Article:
Los Angeles Rams receiver Robert Woods stiff-arms Seattle Seahawks safety Delano Hill to pick up yards in the third quarter on Sunday, Nov. 11, 2018 at the Coliseum in Los Angeles, Calif. (Wally Skalij/Los Angeles Times/TNS)

NFL says concussions down 29 per cent in regular season

Of the 538 evaluations for concussions, the league says, 75 per cent ultimately showed no concussions

The NFL is encouraged by progress made in reducing concussions while stressing there is much more work to be done.

On Thursday, the league said the number of concussions dropped 29 per cent in 2018 from the previous season, according to preliminary data. It added that there were 135 documented concussions, down from 190. By including preseason games and practices, concussions fell from a high of 281 to 214, a 23.8 per cent decrease. That was the lowest total since the 2014 season (206 reported concussions).

Of the 538 evaluations for concussions, the league says, 75 per cent ultimately showed no concussions.

“As we like to say,” noted Jeff Miller, the NFL’s executive vice-president of health and safety, “while we’re pleased with the fact that concussion numbers are down — and down significantly this year — when it comes to the health and safety of our players, there’s no finish line. This is a multi-year process. We’ll keep at this and we’ll try to figure out why these changes happened, and we’ll try to figure out where we set goals. There’s still room for improvement.”

READ MORE: Tentative deal reached in NHL concussion lawsuit

The league began releasing concussion data in 2012.

“It’s a significant decrease … but we’re also more interested in why that decrease happened, as opposed to what the number is,” Miller said. “That’s the sort of work we need to roll up our sleeves and do between now and the (NFL) combine (next month).”

The league also shared data with seven teams whose 2017 training camp practices resulted in a higher number of concussions. Six of those teams saw a reduction in training camp concussions in 2018, according to Dr. Allen Sills, the NFL’s chief medical officer.

Sills said the other 25 teams would also receive such information this year.

A commitment to in-depth helmet research helped lead to fewer concussions as well. The NFL created a checklist for players, ranking helmets in either green, yellow or red categories. Those in the red area will be banned starting this year.

For the 2017 season finale, 41 per cent of the players wore the higher-rated helmets. In 2018, that increased to 74 per cent, while only 2 per cent stuck with the lowest-ranked helmets thanks to a one-year grandfather clause.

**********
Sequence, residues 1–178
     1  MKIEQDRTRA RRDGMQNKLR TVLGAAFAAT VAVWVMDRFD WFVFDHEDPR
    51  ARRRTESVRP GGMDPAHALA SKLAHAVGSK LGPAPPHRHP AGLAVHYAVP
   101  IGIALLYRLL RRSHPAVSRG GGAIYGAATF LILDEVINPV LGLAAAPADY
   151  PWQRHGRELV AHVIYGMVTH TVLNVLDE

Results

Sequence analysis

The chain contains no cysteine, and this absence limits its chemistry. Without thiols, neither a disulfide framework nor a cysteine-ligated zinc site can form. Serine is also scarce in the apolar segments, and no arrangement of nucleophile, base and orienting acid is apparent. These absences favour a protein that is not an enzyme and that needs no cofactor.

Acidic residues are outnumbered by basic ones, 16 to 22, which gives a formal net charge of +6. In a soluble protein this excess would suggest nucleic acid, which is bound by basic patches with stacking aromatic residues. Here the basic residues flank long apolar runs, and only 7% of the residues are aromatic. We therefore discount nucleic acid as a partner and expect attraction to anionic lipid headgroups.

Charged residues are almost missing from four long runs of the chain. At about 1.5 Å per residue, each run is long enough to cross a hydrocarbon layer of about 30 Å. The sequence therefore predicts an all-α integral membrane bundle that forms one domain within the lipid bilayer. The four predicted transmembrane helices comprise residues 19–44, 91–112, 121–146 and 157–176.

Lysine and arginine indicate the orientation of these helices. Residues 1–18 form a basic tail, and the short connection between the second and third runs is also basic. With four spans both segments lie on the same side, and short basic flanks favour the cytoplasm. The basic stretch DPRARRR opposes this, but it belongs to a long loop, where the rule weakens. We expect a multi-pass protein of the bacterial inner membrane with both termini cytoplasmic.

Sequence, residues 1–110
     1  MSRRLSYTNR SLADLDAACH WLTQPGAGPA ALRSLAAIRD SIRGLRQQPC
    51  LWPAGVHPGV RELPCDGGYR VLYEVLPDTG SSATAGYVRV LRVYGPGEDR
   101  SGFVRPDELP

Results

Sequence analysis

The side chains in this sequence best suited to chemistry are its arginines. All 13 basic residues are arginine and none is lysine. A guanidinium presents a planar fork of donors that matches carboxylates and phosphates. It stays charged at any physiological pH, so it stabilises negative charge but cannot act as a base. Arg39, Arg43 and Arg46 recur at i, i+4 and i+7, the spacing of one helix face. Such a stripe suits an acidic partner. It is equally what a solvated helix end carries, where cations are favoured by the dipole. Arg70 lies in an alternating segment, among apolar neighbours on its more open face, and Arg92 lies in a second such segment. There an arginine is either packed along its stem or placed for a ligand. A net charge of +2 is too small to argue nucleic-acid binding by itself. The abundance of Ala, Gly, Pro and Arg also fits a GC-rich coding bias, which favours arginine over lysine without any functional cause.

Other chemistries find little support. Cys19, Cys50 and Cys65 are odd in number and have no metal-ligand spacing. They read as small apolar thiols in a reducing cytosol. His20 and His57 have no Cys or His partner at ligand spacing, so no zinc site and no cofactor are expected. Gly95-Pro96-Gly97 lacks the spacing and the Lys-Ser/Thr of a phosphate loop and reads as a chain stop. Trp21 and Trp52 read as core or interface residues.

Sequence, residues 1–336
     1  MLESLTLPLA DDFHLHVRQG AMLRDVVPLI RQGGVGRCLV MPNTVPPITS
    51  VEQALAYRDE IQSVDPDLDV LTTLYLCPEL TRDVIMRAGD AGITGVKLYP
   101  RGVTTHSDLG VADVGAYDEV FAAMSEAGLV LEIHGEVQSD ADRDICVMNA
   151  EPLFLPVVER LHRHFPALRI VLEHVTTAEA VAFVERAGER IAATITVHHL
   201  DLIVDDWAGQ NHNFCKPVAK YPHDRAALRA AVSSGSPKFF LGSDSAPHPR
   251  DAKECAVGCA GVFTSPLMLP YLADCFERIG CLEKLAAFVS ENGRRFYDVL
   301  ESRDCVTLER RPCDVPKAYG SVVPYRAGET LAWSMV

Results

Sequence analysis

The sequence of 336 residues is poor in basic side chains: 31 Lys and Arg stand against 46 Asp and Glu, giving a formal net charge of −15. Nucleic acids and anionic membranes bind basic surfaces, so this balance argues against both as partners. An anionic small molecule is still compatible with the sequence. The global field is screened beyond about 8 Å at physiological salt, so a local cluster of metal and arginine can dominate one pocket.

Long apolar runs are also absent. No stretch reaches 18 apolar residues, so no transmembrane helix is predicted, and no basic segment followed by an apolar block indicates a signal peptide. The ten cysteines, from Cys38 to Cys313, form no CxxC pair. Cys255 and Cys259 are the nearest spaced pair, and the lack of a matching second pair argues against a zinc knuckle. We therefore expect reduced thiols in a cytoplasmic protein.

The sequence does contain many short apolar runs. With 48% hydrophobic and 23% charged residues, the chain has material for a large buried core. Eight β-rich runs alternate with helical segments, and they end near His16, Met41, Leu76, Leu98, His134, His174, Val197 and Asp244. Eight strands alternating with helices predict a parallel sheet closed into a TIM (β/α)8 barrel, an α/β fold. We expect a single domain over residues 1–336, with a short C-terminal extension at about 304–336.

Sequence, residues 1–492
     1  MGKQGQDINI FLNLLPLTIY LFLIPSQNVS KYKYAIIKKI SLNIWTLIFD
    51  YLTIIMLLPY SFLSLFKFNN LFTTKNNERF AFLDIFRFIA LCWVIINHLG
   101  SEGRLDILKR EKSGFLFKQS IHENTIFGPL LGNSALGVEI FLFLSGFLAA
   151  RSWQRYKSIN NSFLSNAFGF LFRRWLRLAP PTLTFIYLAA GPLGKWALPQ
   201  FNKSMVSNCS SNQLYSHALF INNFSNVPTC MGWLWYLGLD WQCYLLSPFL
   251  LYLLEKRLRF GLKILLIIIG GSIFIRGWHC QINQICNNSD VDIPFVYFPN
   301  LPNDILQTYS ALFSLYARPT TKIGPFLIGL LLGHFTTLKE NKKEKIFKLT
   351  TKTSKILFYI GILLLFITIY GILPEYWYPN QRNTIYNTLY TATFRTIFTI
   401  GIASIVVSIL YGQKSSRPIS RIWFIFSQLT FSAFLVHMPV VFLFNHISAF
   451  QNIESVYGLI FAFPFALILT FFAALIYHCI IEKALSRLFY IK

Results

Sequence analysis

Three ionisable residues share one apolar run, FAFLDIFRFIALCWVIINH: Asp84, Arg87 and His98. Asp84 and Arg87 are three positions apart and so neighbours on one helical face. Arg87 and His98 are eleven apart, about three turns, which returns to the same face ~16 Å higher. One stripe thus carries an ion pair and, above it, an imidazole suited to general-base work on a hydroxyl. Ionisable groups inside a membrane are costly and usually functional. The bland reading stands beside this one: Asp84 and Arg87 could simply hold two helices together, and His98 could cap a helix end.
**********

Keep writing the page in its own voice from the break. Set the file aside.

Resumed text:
More helmet testing will be done this year, with perhaps as many as 10 new models.

“We are excited and grateful for the changes that we’ve seen,” Sills said, “and we feel like this decrease is not a random variance but a reflection that the data-driven approach has made an impact.”

Also being researched are mouth guards with data-gathering sensors similar to what the University of Virginia team used in 2018. Miller said some players, likely on four teams, will test them.

The league also says the number of anterior cruciate ligament tears increased by three to a total to 57. And medial cruciate ligament injuries that caused players to miss playing time were down by 12, from 143 to 131. Sills said the NFL will target reducing other injuries, particularly to the lower body, this year. Among the categories to be researched are turf, cleats, training regimens, and the mechanics of the injuries.

“This is not a one-year project,” he said. “It’s an ongoing commitment on our part to drive down injuries, not only concussions, but also other parts of the body.”

READ MORE: Boys show concussion symptoms faster than girls, says study

___

Barry Wilner, The Associated Press


Like us on Facebook and follow us on Twitter.

Get local stories you won't find anywhere else right to your inbox.
Sign up here

Just Posted

Port Alberni café, pair of teens rally support for Australia bush fire relief

Boomerangs Café plans three-day fundraiser; teens prepare to help in wildlife recovery

Agricultural Land Commission approves cannabis facility in Beaver Creek

Proposed facility outside Port Alberni had been caught up in ALR red tape

Alberni writer and poet to read at Words on Fire

Chelsea Comeau has her own freelance writing and editing business

North Island College hosting nursing info session

Info sessions will take place Monday, Jan. 27 at Port Alberni and Campbell River campuses

Photographer captures Port Alberni personalities in black and white portraits

Meet John Douglas, Courtney Naesgaard in double exhibit Jan. 18 at Rollin Art Centre

VIDEO: Bobcat infiltrates Shuswap couple’s coop, feasts on fowl

Police officers credited for attempting to assist with animal’s extraction

VIDEO: 17 Husky pups rescued from Interior B.C. property find new homes

The BC SPCA caught the moment on video the last puppy, Uki, met his owners

U.S. officials confirm first case of Wuhan coronavirus near Seattle

The U.S. is the fifth country to report seeing the illness

Police recover body of Tofino man in his 50s

An RCMP dive team has recovered the body of a Tofino man in his 50s.

Prince Harry reunites with Meghan and Archie in Victoria

Buckingham Palace said Tuesday it would not comment on private matters

Skier dies at Fernie Alpine Resort

It’s the second person to die in a tree well at a ski resort in B.C. in the past week.

Put away the shovels, week of rain ahead for Vancouver Island

Environment Canada calling for wet weather until Sunday

Power lines cut as thieves strike Vancouver Island veterinary hospital

‘Thankfully there weren’t any animals or staff in the clinic when this happened’

Most Read